Meanwhile, the Times’s Dean Baquet answers some questions on his first year as executive editor, offering a vivid image of his accountability to his staff. “If I ever let the numbers start to dictate our journalism,” he says of the current emphasis on analytics and “audience development”, the “reporters would open a window in the newsroom and throw me out.”

    Baquet also discusses the use of anonymous sources, which brings us to Seymour Hersh. NBC News has backed off somewhat from its initial confirmation of some key aspects of Hersh’s LRB story on the killing of bin Laden. For his part, Hersh granted Slate a pleasingly characterful interview about the whole situation: “I don’t mean to yell at you,” he tells Isaac Chotiner, “but I feel good doing it.”

    Sally Mann discusses her approach to both photography and writing (that of “some ungodly cross between a hummingbird and bulldozer”) in the New York Times. While working on her new memoir Hold Still, she recalls telling her editor, “People are going to hate me when they read this; they’re going to think I’m a horrible person.” And at Omnivoracious, Amazon’s Book Review, Mann describes the painstaking process of capturing the images of her children that once caused such opprobrium in the press, such as “The Last Time Emmett Modeled Nude”, which “made me feel a bit like a demented terrier in unswerving pursuit of her quarry.”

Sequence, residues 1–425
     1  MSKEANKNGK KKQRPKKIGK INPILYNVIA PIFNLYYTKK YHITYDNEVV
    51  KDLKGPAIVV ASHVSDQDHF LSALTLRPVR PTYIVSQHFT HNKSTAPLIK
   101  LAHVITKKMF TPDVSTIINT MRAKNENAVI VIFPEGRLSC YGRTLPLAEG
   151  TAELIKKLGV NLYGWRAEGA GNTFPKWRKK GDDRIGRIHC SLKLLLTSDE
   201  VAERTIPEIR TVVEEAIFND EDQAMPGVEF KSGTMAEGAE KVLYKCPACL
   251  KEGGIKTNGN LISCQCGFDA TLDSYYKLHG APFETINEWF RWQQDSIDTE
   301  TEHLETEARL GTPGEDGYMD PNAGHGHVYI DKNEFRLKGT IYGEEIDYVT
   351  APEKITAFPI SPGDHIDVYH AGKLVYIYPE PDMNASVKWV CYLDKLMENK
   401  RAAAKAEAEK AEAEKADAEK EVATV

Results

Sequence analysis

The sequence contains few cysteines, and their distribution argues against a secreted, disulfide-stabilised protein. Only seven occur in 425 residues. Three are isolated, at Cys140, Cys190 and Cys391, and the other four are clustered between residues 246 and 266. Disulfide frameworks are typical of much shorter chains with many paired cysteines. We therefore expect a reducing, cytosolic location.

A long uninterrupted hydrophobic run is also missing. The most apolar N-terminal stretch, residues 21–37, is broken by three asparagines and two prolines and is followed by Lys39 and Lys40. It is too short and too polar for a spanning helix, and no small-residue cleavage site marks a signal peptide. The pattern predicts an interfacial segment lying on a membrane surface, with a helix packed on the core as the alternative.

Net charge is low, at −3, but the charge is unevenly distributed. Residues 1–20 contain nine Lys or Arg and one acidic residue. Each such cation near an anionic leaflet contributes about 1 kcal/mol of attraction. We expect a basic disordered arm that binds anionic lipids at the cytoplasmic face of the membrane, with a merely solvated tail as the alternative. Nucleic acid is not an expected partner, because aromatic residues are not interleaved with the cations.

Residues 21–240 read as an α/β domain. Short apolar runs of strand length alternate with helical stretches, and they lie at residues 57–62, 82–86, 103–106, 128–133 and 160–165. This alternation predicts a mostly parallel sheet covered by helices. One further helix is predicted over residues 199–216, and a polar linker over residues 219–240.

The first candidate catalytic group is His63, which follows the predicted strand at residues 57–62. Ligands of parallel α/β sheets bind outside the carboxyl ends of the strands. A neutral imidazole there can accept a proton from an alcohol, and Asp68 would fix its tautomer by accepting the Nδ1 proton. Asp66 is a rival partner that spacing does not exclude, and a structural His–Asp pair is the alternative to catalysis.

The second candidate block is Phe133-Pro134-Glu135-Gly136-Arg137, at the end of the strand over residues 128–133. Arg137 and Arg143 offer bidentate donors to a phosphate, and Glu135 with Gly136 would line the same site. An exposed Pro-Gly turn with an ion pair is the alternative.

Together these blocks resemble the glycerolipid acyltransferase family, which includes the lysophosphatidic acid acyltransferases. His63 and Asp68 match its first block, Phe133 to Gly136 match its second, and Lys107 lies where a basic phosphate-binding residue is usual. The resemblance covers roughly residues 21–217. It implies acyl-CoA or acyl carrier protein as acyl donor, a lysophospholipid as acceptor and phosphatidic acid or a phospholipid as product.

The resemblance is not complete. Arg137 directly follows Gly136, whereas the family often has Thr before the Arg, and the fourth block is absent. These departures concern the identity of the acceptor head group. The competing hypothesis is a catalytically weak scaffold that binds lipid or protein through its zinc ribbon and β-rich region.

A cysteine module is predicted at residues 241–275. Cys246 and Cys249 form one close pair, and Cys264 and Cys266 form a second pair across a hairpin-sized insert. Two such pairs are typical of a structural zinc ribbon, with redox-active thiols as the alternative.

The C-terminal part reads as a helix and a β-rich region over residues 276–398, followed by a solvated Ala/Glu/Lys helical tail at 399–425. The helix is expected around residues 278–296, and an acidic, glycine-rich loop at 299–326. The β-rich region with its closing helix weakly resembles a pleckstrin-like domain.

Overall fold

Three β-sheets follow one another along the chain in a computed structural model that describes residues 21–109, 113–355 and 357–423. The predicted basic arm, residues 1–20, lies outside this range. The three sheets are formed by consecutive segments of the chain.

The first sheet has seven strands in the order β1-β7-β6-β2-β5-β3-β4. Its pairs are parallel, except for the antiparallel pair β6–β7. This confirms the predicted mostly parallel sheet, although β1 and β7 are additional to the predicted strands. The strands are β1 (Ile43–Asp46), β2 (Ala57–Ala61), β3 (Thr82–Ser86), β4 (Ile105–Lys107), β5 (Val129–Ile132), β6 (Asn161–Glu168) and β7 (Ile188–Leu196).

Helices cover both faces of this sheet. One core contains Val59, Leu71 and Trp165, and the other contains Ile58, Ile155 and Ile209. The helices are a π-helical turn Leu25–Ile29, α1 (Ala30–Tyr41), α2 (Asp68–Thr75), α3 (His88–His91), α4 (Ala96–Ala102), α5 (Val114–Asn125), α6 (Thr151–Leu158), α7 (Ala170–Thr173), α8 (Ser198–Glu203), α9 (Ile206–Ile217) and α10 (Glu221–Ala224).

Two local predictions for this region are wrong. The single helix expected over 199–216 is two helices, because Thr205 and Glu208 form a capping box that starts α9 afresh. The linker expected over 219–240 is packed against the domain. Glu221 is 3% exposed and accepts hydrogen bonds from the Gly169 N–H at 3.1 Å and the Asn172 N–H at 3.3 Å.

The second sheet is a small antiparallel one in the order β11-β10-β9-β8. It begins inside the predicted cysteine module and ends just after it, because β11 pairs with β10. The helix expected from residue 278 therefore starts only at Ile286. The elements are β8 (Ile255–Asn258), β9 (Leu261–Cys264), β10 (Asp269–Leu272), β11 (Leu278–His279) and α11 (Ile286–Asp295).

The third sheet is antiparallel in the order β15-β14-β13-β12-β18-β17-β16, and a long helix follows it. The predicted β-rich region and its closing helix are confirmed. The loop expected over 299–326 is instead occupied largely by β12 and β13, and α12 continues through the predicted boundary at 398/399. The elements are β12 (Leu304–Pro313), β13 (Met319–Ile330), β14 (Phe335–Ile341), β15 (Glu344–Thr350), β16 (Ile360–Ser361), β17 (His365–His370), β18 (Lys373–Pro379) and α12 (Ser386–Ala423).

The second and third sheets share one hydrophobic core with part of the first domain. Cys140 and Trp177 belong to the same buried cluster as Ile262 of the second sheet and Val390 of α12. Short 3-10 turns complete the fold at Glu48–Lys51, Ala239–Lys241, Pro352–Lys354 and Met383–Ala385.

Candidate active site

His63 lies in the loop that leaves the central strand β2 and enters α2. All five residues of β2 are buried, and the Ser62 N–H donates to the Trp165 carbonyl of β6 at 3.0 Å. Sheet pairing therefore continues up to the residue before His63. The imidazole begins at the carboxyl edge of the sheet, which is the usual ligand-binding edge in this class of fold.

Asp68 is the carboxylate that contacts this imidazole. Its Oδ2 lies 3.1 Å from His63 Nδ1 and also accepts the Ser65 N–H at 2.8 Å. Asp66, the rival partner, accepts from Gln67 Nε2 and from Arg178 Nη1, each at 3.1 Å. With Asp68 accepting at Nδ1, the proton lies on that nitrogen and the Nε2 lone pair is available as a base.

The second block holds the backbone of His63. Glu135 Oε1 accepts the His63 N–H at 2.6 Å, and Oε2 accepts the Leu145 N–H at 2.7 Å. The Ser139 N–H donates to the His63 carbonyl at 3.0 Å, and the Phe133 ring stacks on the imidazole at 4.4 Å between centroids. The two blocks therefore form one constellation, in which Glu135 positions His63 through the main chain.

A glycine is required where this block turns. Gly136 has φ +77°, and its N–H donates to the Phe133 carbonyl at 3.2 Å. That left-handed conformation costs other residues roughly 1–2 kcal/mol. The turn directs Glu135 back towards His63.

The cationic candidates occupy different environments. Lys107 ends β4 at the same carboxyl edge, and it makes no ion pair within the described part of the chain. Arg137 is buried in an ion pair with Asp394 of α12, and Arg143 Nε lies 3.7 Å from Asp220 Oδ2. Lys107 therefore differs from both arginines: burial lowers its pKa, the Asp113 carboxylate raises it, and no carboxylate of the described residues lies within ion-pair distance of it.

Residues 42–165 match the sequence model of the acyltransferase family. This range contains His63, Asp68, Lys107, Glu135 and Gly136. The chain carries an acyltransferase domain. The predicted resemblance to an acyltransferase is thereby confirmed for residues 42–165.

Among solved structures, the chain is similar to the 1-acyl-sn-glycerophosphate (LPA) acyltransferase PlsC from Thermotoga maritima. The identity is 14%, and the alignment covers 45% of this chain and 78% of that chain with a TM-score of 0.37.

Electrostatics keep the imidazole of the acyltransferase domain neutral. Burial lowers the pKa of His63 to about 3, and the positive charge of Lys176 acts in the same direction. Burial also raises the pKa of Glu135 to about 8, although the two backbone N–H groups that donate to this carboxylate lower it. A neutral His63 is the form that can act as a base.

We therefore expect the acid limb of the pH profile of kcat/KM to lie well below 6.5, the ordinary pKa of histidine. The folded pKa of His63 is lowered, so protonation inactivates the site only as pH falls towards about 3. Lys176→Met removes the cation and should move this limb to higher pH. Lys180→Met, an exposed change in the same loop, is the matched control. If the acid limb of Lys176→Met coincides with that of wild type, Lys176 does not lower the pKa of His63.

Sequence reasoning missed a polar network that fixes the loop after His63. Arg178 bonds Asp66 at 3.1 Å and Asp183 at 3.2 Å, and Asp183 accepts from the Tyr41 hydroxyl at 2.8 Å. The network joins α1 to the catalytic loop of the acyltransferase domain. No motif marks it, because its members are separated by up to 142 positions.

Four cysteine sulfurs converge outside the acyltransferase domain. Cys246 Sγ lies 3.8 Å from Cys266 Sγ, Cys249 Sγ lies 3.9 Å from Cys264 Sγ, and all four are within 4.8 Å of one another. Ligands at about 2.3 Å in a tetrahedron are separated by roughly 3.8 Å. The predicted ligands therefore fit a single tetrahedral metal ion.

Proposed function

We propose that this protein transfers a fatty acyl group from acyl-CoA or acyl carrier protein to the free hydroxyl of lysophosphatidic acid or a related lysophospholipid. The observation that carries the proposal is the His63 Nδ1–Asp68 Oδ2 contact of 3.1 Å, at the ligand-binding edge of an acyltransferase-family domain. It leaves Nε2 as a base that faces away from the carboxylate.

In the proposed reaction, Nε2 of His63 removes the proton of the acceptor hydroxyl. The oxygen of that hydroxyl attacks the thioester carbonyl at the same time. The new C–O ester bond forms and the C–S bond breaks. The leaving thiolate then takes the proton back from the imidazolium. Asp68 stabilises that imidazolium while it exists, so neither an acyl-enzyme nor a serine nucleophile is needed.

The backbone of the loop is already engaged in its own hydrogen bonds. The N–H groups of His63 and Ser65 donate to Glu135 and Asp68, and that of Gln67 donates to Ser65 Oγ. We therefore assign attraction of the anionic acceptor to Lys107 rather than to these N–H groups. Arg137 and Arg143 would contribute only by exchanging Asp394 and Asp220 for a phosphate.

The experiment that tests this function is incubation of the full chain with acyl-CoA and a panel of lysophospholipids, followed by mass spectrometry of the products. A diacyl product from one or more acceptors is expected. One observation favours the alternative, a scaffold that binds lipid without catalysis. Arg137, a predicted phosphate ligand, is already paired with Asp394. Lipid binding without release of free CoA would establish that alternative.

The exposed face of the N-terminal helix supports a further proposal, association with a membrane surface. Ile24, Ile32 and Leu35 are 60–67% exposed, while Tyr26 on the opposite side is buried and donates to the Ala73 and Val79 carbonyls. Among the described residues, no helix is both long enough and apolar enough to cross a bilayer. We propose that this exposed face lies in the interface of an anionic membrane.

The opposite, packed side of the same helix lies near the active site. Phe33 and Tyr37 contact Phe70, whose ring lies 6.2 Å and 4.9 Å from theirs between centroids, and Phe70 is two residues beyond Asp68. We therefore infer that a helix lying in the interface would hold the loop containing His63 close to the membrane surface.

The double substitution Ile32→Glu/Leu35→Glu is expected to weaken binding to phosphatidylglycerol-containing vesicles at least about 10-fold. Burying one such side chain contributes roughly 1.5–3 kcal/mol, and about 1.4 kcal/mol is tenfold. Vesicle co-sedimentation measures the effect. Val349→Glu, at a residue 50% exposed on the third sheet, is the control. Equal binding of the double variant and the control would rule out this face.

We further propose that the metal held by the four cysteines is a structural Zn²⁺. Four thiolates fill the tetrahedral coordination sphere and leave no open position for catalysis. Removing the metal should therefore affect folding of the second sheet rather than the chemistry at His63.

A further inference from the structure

• May 13, 2015

    After long drawn out, semi-shadowy negotiations, the New York Times will today begin a partnership with Facebook to publish stories directly into its news feed. NBC News and others apparently plan to follow suit. “How does the Times protect the independence of its journalism,” asks Gabriel Sherman, “say, if the paper runs a hard-hitting investigation on Facebook?” As the late David Carr wrote last year when the social network was holding talks with publishers about how best to work together, “Facebook is a bit like that big dog galloping toward you in the park. More often than not, it’s hard to tell whether he wants to play with you or eat you.”